W3C home > Mailing lists > Public > w3c-wai-er-ig@w3.org > October 2001

Re: Where does the EARL go?

From: Jim Ley <jim@jibbering.com>
Date: Fri, 19 Oct 2001 18:13:30 -0000
Message-ID: <04bb01c158c9$c373c6e0$ca969dc3@emedia.co.uk>
To: <w3c-wai-er-ig@w3.org>
> > b. each page on the site has a link to the .earl file. it acts like
> > an external css or script file that all pages on a site can point
> > to.  then, the claim is only has to be updated once to effect
> > the whole site.
>
> Well, it's a neat scenario, but remember that an EARL file is
independent
> of the files which point to it. It's not as if you have an association
from
> a file to a piece of EARL saying "this is the conformance claim for
this
> file", because the EARL itself contains that information. You can say,
> "here is some EARL that is related to this page, but don't take our
word
> for it: parse it". EARL can't exist without a TestSubject part, because
it
> simply wouldn't work.

How does that work with a web site, a unique earl report for each url on
the site, how does that work with urls with query portions?  How can EARL
exist unless this has already been decided, how EARL is used is much more
important than what the tags look like.  I'm astonished by this thread.

> > [...] there is no "type/earl" - should there be?
>
> For now, all EARL is going to be served as text/plain or text/xml, so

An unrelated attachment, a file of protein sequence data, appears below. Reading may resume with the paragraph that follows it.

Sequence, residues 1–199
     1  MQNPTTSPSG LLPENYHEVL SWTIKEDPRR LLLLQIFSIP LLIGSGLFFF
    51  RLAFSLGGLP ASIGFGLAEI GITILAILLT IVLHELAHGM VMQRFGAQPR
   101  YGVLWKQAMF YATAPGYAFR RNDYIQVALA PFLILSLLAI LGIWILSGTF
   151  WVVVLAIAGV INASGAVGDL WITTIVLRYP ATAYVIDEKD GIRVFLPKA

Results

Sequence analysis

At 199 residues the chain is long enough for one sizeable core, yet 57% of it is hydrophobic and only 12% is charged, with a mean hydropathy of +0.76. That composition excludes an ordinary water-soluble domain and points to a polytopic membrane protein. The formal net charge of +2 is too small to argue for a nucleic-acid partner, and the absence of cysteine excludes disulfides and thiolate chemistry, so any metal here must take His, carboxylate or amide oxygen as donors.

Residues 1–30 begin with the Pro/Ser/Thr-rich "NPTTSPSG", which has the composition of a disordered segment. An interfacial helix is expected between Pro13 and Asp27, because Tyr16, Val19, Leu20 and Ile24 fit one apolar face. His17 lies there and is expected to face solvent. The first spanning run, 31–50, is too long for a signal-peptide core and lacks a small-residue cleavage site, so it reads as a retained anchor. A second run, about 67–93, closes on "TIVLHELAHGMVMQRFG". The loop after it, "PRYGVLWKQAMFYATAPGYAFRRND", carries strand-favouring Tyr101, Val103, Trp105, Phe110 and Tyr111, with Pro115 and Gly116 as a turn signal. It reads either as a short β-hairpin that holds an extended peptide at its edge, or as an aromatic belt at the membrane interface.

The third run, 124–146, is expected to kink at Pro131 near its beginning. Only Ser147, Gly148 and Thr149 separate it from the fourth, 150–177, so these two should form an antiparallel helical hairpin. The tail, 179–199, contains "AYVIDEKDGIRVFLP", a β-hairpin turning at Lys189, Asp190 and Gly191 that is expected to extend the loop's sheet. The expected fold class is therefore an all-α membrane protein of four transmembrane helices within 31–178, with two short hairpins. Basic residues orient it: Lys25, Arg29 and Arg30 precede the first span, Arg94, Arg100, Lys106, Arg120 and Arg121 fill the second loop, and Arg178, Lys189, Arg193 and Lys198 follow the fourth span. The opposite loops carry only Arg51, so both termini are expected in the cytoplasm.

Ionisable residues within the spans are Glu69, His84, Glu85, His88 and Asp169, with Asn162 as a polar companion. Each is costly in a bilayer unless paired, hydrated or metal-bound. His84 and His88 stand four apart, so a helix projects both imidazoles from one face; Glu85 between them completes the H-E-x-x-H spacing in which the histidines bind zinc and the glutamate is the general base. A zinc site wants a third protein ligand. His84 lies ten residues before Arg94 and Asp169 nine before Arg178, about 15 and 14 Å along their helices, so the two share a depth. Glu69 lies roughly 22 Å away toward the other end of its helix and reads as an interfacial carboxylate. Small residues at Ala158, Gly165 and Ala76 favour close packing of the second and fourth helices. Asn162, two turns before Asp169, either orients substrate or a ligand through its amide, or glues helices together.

just
> leave the "type" attribute off. It's only advisory.

Why is EARL served as text/plain - why do you feel it should not have a
mime-type, what purpose does that serve, you say yourself that EARL
contains the information about the url it refers to, this would mean that
an agent could be guided towards just the EARL reports, and never need to
see the url itself unless it was accessible to the group that it was
interested in, this would be harder though if it was text/plain - how do
I configure my UA to cope with earl reports if it's served as text/plain
? it needs it's own mime-type.

> > HTML 4.01 says that new types may be created using the
> > profile attribute on the head element. [4]
>
> People tend to ignore that, sadly.

If it's as little thought out as EARL seems to be, I'm not surprised.

Jim.
Received on Friday, 19 October 2001 14:15:11 GMT

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